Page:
Q Fever: Treatment Overview for Clinicians
On this page:
- Doxycycline is the treatment of choice for acute Q fever.
- A dose of 100 mg of doxycycline taken orally twice daily for 15-21 days is a frequently prescribed therapy for adults.
- Quinolone antibiotics have demonstrated good in vitro activity against C. burnetii and may be considered by the physician.
- Antibiotic treatment is most effective when initiated within the first 3 days of illness.
- Doxycycline therapy should be started again if the patient relapses.
- Although Q fever infection during pregnancy carries a high risk for adverse outcome, doxycycline is contraindicated during pregnancy. Pregnant women should be treated through delivery with co-trimoxazole (320 mg trimethoprim and 1600 mg sulfamethoxazole daily).
- Doxycycline is usually contraindicated in children less than 8 years of age, however in the case of acute Q fever this drug can be given (2.2mg/kg twice a day). Co-trimoxazole is a possible second-line treatment for young children.
- Chronic Q fever endocarditis is much more difficult to treat effectively and often requires the use of multiple drugs. Two
different treatment protocols have been evaluated:
The second therapy leads to fewer relapses, but requires routine eye exams to detect accumulation of chloroquine.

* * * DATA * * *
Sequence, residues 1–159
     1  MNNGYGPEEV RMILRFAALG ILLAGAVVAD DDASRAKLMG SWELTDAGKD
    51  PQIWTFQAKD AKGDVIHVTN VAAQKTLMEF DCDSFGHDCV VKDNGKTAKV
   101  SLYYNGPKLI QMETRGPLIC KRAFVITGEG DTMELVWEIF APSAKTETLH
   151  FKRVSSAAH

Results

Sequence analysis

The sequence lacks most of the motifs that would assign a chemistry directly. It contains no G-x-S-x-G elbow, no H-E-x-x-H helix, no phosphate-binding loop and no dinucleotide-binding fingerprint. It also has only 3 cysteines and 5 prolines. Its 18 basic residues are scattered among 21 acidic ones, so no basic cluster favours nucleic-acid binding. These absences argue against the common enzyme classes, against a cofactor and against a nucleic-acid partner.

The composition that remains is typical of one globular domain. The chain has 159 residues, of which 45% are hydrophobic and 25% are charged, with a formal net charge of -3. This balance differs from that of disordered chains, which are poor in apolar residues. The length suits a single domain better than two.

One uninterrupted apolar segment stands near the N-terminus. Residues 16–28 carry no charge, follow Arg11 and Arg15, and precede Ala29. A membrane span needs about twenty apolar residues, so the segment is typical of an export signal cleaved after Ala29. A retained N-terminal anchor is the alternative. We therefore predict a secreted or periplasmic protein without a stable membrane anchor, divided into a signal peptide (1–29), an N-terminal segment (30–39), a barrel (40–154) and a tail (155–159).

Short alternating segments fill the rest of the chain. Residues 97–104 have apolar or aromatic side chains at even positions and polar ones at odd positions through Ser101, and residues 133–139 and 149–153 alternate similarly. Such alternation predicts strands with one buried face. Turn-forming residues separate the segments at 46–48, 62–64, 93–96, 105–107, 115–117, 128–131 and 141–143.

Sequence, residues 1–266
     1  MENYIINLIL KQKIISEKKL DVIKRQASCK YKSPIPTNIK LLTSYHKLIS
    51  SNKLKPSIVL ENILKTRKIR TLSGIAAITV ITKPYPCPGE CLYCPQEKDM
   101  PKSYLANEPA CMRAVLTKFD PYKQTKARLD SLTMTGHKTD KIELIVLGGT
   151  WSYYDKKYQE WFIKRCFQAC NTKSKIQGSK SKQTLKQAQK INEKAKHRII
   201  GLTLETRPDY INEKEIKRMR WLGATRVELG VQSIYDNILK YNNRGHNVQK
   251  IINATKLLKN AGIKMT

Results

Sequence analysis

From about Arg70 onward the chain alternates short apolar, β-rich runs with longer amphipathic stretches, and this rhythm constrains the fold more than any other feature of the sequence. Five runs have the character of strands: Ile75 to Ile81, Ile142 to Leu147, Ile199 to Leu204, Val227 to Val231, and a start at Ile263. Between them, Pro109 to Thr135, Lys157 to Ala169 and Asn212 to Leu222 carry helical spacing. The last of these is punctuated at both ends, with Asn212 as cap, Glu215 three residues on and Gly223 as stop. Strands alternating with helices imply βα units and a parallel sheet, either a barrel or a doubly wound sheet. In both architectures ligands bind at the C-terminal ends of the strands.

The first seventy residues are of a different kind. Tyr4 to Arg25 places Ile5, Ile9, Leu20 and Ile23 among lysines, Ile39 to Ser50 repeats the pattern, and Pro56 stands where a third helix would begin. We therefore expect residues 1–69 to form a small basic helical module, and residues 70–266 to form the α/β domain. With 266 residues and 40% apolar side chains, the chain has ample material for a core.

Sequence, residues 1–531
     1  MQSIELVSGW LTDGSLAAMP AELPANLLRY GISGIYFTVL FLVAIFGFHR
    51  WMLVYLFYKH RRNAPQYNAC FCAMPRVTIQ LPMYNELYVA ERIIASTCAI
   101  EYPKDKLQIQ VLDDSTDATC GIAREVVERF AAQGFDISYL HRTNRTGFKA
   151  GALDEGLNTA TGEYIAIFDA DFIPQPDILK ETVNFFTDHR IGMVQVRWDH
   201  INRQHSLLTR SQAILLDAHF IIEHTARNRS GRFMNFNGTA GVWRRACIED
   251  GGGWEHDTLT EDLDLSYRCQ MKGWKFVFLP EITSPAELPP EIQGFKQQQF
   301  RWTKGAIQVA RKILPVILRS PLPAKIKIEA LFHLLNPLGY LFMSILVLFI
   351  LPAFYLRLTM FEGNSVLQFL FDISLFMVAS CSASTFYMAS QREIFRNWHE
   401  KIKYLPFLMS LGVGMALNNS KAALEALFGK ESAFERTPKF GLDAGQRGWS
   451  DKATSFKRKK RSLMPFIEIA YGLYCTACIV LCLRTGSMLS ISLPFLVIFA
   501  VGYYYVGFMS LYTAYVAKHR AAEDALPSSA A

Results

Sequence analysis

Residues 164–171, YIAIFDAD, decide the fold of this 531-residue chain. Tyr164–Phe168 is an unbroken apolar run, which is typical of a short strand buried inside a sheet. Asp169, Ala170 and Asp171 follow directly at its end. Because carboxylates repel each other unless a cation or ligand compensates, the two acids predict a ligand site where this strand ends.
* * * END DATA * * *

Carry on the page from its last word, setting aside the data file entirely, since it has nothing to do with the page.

- doxycycline in combination with quinolones for at least 4 years and
- doxycycline in combination with hydroxychloroquine for 1.5 to 3 years.
- Surgery to replace damaged valves may be required for some cases of C. burnetii endocarditis
- Persons with acute or chronic Q fever should be cared for using standard precautions. These patients are not usually
considered infectious to other persons, and special precautions are not required for routine care.
- C. burnetii is shed in milk, and infected women may pose a risk of transmission to their nursing infants.
- Person-to-person transmission should be considered a possibility for medical personnel performing obstetrical procedures on infected pregnant women.
- Patients may pose a risk for transmission of C. burnetii to sex partners during acute illness.
- For more information, see Guideline for Isolation Precautions in Hospitals
- Page last updated August 25, 2006
- Page last reviewed September 28, 2007
Get email updates
To receive email updates about this page, enter your email address:
- Centers for Disease Control and Prevention
1600 Clifton Rd
Atlanta, GA 30333
TTY: (888) 232-6348
- Contact CDC-INFO